by Megan King
George Martin's 3,020-mile, nine-month walk across America is coming to an end, but the mission of raising awareness and money for those who rushed into danger on 9/11 continues for the former Giants defensive end.
Walking along Route 44 southwest of Oklahoma City a few months ago, George Martin saw something shiny in the dirt. He stopped mid-stride, knelt down and picked up a gold wedding band. Inscribed on the inside were the words "Always and Forever." Martin put the ring on his left pinky finger, next to his own wedding band, which has been there for the last 35 years.
Someone else's broken promise now represents Martin's dedication to a pledge he made to himself -- that someday he'd walk from the Atlantic Ocean to the Pacific.
"I told my wife I have two marriages," the former New York Giants defensive end said, pointing to both rings. "One to her and one to the journey."
The polygamous relationship ends on Saturday when he'll walk his 3,020th mile into Embarcadero Marina Park in San Diego on the first day of summer. Martin named his excursion A Journey for 9/11 and has raised more than $2 million to benefit ailing rescue and recovery personnel who worked at Ground Zero after Sept. 11, 2001.
Finding a cause
Growing up in rural South Carolina, George Martin didn't have the opportunity to travel much, but when he did, the entire family knew which seat he'd get in the car.
"I'd always insist on sitting by the window to look at everything," he says. "If your whole world is defined by a little farm, you have this automatic wanderlust about what's out there."
By the time he was in his 40s, he had visited every state and decided walking coast-to-coast needed to be crossed off his bucket list. In 2007, at age 54, he took a leave of absence from his job as vice president of sports marketing at AXA Equitable in New York to make his cross-country trek. But to walk more than 3,000 miles just to satisfy a personal goal? That's not Martin's style.
His Manhattan office is not far from where the Twin Towers fell on that September morning, and Martin saw a way he could help the first responders.
"I was keenly aware of the events after 9/11 -- with firemen getting sick -- and little was being done to help," Martin says. "I decided to do something on my own."
Martin, his wife Dianne and their four children took the first steps of A Journey for 9/11 by crossing the George Washington Bridge from New York into New Jersey on Sept. 16, 2007.
"It's incredible," Dianne Martin said. "He kept saying, 'I'm gonna do it; I'm gonna do it. I don't know how, but I'm going to start doing it, and it will all fall into place.'"
And it did. Martin called a meeting of friends and family last July at the Meadowlands to ask for support. He thought the torrential rain that day would keep people away, but the room overflowed with those wanting to know how they could help. Eight weeks later, he hit the road.
"It's incredible. He kept saying, 'I'm gonna do it; I'm gonna do it. I don't know how, but I'm going to start doing it, and it will all fall into place.'"
– Dianne Martin, George Martin's wife
The first step
Logistically, walking across America is more complicated than just putting one foot in front of the other. Martin travels with a small team, including a rotating staff of security guards and drivers, and his general manager, Lee Reeves, who coordinates routes and schedules.
Reeves ran the technology department at AXA, and his retirement serendipitously coincided with Martin's journey. He initially signed on to set up a Web site for his old friend, but his role expanded as the planning progressed. The lanky 49-year-old has traveled every mile with Martin, even though he was barely able to finish the 13-mile walk from the George Washington Bridge to Giants Stadium on the first day. Nearing the journey's end, the two are like brothers, fighting one minute, telling jokes the next.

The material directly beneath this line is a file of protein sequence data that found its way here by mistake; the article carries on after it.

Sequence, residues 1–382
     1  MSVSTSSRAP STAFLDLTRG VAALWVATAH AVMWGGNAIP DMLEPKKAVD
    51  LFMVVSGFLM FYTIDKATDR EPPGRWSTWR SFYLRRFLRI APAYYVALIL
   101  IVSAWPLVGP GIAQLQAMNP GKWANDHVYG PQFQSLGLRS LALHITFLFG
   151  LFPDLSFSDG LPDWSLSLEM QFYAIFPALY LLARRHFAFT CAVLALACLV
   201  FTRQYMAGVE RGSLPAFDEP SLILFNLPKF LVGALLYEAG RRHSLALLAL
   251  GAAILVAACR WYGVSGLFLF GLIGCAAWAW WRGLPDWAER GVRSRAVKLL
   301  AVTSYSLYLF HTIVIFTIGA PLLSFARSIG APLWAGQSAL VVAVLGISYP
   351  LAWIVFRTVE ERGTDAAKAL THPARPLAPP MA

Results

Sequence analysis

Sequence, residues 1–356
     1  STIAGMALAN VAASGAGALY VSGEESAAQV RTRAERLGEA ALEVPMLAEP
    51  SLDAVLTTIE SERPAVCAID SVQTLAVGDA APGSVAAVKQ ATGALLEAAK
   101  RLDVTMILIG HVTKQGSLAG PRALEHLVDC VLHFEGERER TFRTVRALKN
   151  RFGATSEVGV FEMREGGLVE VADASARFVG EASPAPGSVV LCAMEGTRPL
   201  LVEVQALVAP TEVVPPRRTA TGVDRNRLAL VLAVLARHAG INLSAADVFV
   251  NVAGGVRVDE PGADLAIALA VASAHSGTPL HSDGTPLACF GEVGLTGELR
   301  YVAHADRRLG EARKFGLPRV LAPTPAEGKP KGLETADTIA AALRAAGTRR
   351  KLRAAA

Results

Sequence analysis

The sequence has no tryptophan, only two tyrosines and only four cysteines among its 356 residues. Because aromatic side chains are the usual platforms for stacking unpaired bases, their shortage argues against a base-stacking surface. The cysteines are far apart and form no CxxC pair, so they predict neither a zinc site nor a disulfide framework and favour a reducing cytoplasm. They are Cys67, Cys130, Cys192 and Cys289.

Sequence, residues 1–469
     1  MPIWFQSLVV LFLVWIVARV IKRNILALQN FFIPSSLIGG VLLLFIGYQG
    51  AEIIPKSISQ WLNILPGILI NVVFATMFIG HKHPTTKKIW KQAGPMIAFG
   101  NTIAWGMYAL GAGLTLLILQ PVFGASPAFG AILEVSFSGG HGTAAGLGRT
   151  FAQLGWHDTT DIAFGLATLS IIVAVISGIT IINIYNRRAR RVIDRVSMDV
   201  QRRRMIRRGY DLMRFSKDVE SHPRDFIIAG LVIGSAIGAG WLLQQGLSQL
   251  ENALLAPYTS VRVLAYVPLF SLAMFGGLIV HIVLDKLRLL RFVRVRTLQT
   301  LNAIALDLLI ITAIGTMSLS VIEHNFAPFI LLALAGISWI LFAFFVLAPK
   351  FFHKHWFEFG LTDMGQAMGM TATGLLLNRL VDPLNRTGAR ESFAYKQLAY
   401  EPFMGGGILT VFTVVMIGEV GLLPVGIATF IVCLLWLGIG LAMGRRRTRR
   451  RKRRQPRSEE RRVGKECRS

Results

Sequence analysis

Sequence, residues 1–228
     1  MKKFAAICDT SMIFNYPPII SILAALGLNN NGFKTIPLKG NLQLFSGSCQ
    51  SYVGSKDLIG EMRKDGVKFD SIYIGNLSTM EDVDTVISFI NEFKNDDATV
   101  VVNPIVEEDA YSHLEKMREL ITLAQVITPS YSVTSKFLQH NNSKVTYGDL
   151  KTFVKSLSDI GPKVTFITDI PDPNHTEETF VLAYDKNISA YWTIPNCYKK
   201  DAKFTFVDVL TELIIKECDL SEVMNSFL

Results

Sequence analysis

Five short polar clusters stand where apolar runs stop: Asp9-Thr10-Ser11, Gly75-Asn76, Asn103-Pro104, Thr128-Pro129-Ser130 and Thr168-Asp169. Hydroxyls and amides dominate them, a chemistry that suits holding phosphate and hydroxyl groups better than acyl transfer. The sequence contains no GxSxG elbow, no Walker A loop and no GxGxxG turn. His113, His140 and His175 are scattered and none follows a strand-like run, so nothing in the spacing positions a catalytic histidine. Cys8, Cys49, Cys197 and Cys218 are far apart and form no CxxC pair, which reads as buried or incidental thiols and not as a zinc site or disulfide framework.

Each day at around 6 a.m. in the lobby of a Best Western hotel -- one of A Journey for 9/11's many sponsors -- the team gathers to talk about the day's mileage goal, terrain, weather and traffic.
While the landscape, climate and poor road conditions can create obstacles, Martin's biggest worry is people driving by in two-ton machines at 75 mph. He emphasizes the importance of communication to keep everyone out of harm's way.
Martin walks with the flow of traffic and is equipped with a walkie-talkie so the driver of the support vehicle, called "the Journeymobile," can let him know about the position of approaching vehicles. With its hazard lights flashing, the white customized SUV inches along the shoulder of the road at 4 mph. The vehicle is filled with shoes, clothing, snacks and water for the 20 to 30 miles they'll cover each day, and the driver gives a cheerful honk at every mile marker.
Some people can't imagine walking to the mailbox without popping in earphones and drowning out the world with the push of a button. Walking 4 mph for 3,000 miles is 750 iPod-free hours just to, well, think. Martin thinks about the people he's determined to help. There are beautiful shrines and touching memorials for the fire and police personnel who died while running into danger on Sept. 11, but there were thousands of firefighters, policemen and women, and volunteers who worked tirelessly in the days and weeks after the terrorist attacks.
More than 200 stories fell into a heap that day, spewing a dust cloud that would hang over lower Manhattan for weeks. The 40,000 aid workers at Ground Zero, who hail from all 50 states, lived and breathed within that cloud every day.
A study by Mt. Sinai Medical Center found that nearly 70 percent of the responders have suffered lung disease and other health problems. Aid workers developed asthma at 12 times the normal rate for adults, suffer from low lung capacity at five times the normal rate, and according to the New York City Department of Mental Health and Hygiene, one in eight has developed Post Traumatic Stress Disorder.